We Have a Pope

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11 October

Second Vatican Council convenes, 1962

On this day in 1962, Pope John XXIII formally opened the Second Vatican Council. The first Vatican Council had been held nearly 100 years before, the most remembered of its declarations being that the Pope was infallible, when speaking ex cathedra. But back, or forward, to the Second, its aim being, broadly, to work out what the hell to do with the 20th century. The solution was to modernise. Out went the insistence that the Catholic church was the only way to sanctification and truth. Out went the Latin mass. In came a renewed emphasis on Scripture. In came a more pastoral role for bishops. It also, more incidentally, ended the Catholic idea that Jews individually were somehow still responsible for the death of Jesus Christ. The Second Vatican Council has rankled with some conservatives ever since, causing some ardent “antis” to break away, usually on the matter of the Latin mass. Four subsequent popes were present at the Second Vatican Council – the future Pope Paul VI, John Paul I and II, and Pope Benedict XVI.

Habemus Papam (2011, dir: Nanni Moretti)

“Habemus Papam” (We have a pope) – the two word announcement traditionally made by a senior cardinal on the balcony of the Vatican when a pope is elected – starts off Nanni Moretti’s gentle and unexpectedly generous comedy about the papacy. There are no stories of child abuse here. Instead we get a genuinely charming story about a cardinal (a brilliantly humane Michel Piccoli) elected pope against his wishes, who then goes into a grand funk at the thought of all that responsibility. A shrink (Moretti) is hastily sent for, and after much fun has been had at the expense of Vatican protocol, and its members’ disinclination to believe that the unconscious and the soul could co-habit, the shrink has achieved very little indeed. So the pope does a bunk and goes walkabout in the streets of Rome, looking for a sign from God in the actions of the people he observes. Meanwhile, back at the Vatican, the shrink is organising the cardinals into teams for games of volleyball. Much more fun is had, this time at the sight of old clerics getting highly competitive. Habemus Papam is a comedy but it’s a film with a serious intent. In a veiled way it’s about the dilemmas facing Pope Benedict XVI – how does an old man go about wrestling with an organisation that needs to change? And more generally it’s about the way human beings get twisted into odd shapes by the structures they inhabit, and how they respond by acting the part they think they’re mean to play – “acting” turns up again and again as an idea in the film, most notably when the pope sits in on the rehearsals of a play while he’s out on walkabout. Intelligent, dramatic and funny, this film got a cooler reception than it warranted partly because it completely ignores the scandals rocking the church, partly because it presents the church as a strange (rather than laughable or corrupt) and therefore usefully countercultural organisation, partly because without changing hardly a thing the film could have been made 40 years ago. It’s a fascinating film, probably the best one there is about the papacy, and its ending (no spoilers here) also turned out to be oddly prophetic.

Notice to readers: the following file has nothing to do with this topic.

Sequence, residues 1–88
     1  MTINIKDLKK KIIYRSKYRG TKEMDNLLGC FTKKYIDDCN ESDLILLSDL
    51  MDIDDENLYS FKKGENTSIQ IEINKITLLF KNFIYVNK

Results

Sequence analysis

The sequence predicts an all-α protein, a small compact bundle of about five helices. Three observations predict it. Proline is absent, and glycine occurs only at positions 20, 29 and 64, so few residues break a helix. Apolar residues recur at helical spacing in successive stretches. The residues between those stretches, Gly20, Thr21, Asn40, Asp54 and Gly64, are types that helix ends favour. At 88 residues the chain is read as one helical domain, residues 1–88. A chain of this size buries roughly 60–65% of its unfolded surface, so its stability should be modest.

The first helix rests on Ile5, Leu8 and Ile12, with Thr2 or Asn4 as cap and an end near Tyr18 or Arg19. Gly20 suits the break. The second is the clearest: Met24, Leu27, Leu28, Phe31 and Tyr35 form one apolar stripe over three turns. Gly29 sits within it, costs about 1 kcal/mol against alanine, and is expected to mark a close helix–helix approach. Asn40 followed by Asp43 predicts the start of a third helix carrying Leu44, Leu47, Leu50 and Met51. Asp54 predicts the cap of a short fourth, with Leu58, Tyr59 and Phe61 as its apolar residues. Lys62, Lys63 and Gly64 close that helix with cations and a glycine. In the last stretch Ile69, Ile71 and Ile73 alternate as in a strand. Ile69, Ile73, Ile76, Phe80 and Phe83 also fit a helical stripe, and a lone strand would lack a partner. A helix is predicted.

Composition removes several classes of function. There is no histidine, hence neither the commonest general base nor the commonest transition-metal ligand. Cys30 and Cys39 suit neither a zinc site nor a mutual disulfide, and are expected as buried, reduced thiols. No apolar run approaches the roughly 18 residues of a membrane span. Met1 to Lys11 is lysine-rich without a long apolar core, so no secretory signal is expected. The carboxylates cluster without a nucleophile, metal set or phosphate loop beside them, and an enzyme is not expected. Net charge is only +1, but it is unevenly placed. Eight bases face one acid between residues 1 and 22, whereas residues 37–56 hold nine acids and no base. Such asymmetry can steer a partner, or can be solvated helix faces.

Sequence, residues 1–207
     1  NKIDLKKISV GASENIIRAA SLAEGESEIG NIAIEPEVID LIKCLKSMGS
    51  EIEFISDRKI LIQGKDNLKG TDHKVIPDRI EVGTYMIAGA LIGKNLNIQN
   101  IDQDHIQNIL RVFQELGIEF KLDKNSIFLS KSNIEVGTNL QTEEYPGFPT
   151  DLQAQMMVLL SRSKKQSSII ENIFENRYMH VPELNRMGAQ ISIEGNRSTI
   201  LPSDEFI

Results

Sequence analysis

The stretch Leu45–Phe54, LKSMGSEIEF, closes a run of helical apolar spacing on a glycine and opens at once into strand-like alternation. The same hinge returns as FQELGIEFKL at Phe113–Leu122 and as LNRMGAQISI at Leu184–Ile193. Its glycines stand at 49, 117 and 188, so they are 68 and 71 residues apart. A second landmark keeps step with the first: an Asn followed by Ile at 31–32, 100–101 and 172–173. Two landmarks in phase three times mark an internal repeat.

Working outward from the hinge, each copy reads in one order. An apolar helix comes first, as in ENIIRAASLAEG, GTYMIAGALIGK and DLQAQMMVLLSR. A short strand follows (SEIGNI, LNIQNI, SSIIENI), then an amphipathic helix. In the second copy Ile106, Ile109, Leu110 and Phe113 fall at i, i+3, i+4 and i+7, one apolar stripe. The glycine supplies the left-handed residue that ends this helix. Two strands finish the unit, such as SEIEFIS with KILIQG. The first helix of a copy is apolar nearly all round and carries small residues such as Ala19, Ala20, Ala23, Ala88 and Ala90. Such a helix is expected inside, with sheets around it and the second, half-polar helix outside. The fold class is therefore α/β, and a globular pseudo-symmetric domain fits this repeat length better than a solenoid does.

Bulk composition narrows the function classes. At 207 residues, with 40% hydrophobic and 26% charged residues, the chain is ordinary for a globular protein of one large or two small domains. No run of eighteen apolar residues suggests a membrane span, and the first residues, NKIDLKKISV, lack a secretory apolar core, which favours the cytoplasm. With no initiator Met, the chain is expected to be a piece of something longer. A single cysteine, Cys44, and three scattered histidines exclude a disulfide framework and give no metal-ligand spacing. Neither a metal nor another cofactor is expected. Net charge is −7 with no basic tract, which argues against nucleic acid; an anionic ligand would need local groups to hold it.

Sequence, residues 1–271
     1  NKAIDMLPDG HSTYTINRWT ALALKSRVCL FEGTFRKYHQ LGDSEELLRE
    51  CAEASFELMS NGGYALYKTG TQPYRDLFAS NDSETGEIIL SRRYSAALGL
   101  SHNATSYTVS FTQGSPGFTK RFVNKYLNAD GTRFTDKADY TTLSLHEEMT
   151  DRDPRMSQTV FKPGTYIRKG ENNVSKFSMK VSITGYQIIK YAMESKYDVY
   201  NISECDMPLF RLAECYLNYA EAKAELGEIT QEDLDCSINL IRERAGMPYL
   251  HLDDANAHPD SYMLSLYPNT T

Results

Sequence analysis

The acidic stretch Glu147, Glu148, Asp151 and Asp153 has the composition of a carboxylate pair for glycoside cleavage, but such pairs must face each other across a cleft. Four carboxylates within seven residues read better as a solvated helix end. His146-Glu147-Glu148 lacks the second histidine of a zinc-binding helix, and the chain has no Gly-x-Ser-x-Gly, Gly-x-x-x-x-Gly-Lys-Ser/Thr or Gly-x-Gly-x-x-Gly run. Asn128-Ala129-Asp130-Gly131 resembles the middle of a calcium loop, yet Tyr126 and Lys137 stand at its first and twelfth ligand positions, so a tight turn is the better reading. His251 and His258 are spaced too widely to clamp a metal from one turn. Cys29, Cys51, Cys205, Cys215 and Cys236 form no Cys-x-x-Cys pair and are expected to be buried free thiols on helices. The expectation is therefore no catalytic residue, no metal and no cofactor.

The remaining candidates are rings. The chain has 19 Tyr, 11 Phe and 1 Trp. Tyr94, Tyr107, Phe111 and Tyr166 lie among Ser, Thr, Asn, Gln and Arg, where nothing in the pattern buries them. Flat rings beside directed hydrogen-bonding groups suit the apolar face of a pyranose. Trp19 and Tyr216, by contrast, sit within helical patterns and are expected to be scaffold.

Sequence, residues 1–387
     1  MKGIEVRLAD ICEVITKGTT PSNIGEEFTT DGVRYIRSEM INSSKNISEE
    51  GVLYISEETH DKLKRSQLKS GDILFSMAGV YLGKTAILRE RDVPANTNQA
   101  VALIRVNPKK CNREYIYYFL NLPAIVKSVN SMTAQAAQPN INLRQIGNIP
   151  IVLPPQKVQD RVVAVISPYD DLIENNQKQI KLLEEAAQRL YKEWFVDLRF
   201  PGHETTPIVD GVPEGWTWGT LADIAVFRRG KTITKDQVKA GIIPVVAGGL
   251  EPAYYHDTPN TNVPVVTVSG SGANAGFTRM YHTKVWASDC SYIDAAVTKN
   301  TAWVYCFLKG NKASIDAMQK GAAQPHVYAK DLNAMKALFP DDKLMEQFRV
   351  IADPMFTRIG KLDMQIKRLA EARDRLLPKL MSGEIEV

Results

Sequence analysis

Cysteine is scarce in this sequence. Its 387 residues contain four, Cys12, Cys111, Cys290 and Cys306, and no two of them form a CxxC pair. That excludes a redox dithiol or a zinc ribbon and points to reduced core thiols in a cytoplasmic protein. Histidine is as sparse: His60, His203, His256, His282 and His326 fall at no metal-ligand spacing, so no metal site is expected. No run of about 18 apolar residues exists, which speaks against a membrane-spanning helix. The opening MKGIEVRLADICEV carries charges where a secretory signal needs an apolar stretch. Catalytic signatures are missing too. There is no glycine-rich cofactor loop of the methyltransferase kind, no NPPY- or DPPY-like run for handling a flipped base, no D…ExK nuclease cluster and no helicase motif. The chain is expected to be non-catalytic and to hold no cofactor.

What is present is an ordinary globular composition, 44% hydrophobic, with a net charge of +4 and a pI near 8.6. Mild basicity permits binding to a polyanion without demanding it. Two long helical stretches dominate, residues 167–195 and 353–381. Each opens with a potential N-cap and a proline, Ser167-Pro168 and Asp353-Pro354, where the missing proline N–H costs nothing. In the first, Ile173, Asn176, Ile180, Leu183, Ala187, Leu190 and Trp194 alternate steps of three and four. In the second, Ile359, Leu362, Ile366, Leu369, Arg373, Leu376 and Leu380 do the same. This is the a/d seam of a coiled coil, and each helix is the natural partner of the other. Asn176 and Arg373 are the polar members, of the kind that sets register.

Why Watch?

  • The great French actor Michel Piccoli, understated as ever
  • Moretti knows where the easy targets are, and avoids them
  • Impeccable set design. Or is that really the Vatican?

We Have a Pope aka Habemus Papam – at Amazon

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© Steve Morrissey 2013

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